Images(7)
Previous page
Next page
Revendications(6)
What is claimed is:
1. A multiplex recording system for a video tape recorder comprising:
a rotary member adapted to be wrapped around with a moving magnetic recording medium over a predetermined angular range;
at least two video signal recording rotary heads mounted on said rotary member at a predetermined spacing from each other, said rotary heads having azimuth angles which are different from each other and recording a video signal on the magnetic recording medium by scanning thereof as said rotary member rotates in a predetermined scanning direction;
a single audio signal recording rotary head mounted on the rotary member in a position ahead of one of the two video signal recording rotary heads by a predetermined angle with respect to said predetermined scanning direction, said audio signal recording rotary head having an azimuth angle which differs from the azimuth angles of the video signal recording rotary head; and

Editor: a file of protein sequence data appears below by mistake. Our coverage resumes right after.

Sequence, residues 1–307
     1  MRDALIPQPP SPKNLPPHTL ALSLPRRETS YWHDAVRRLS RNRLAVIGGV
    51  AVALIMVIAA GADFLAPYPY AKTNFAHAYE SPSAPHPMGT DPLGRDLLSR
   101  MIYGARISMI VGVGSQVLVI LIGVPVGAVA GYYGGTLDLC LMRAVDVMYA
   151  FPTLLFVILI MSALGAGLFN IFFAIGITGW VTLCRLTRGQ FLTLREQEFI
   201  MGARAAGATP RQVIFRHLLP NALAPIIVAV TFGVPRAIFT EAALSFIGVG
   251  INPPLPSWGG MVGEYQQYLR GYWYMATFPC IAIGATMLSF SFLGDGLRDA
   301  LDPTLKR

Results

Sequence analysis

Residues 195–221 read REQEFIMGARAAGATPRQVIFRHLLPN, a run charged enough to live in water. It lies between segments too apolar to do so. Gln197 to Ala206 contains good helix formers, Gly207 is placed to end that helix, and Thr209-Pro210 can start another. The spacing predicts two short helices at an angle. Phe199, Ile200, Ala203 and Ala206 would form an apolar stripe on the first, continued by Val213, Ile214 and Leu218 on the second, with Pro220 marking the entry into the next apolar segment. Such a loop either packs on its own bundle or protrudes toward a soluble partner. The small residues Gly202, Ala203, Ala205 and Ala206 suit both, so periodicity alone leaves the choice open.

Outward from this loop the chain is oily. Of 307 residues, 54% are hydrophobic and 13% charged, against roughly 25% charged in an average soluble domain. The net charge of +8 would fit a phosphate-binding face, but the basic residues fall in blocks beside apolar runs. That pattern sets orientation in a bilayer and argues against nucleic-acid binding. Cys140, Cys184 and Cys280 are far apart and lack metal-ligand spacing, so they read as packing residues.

means for supplying to said audio signal recording rotary head at every one track scan period a plurality of channels of frequency-modulated audio signals which have different carrier frequencies from each other and respectively modulated by a plurality of channels of audio signals, which are time-compressed more than 2N times (where N is a number of fields of video signal to be recorded in one track), and controlling the audio signal recording rotary head and the video signal recording rotary heads such that the audio signal recording rotary head records in the moving recording medium an audio track recorded with the plurality of channels of frequency-modulated audio signals at a two-track pitch, while the other video signal recording rotary head forms in the recording medium a video track recorded with a video signal at one-track pitch, said video track being superposed on the previously recorded audio track.